- While market participants were floating cargoes, in hopes of landing better netbacks in winter months, freight economics and tight ship and regas slot availability was making that difficult.
- Feedgas deliveries to major US liquefaction terminals averaged around 11.21 Bcf/d for the week ended Oct. 18, up versus 10.74 Bcf/d the previous week, S&P Global Commodity Insights data showed.
- That timing would put restart around Nov. 1.
During the week of October 18, the largest US liquefaction facility received record-high feedgas deliveries, and a significant export terminal was getting ready to reopen after a protracted outage as reported by S&P Global.
Prices remain depressed
Those developments came as Europe was awash in LNG cargoes, even as FOB and delivered European prices remained depressed.
While market participants were floating cargoes, in hopes of landing better netbacks in winter months, freight economics and tight ship and regas slot availability was making that difficult.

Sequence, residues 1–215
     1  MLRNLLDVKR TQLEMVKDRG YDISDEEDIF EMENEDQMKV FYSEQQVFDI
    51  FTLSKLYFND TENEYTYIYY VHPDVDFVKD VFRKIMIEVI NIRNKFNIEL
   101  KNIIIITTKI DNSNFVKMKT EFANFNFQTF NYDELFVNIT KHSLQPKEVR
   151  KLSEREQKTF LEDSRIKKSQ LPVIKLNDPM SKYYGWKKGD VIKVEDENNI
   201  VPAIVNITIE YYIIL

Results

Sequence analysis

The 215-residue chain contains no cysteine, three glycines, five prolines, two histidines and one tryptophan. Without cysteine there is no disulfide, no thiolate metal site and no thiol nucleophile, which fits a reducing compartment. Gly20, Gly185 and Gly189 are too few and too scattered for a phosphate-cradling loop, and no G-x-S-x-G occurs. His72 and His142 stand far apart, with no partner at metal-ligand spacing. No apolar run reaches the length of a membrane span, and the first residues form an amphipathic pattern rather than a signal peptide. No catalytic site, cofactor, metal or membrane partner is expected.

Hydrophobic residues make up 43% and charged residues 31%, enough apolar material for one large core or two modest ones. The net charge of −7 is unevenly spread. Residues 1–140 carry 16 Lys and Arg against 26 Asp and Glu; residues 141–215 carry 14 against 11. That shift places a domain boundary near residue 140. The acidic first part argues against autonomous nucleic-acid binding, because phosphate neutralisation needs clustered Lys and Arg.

Even so, dozens of tankers, many from the US, were in the Atlantic seeking to land in Europe, as the continent prepared for peak demand season.
The Platts Gulf Coast Marker for US FOB cargoes loading 30-60 days forward was assessed at $18.25/MMBtu Oct. 18, up 30 cents/MMBtu since the beginning of the week.
GCM was assessed at a record high above $70/MMBtu in late August.
While Freeport LNG in Texas and Cove Point Liquefaction in Maryland remained offline, feedgas deliveries to Cheniere Energy’s Sabine Pass in Louisiana surged, with deliveries hitting a new record of 5.18 Bcf/d on Oct. 18.
That was about 43% of all US feedgas demand on Oct. 18.
It has been offline since a June 8 explosion and fire.
A spokeswoman for the operator of the terminal declined to address specific timing around when production would resume.
The turnaround at the one-train, 800 MMcf/d-capacity facility, which was to include a comprehensive inspection, was expected to last about four weeks, according to operator Berkshire Hathaway.
That timing would put restart around Nov. 1.
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Source: S&P Global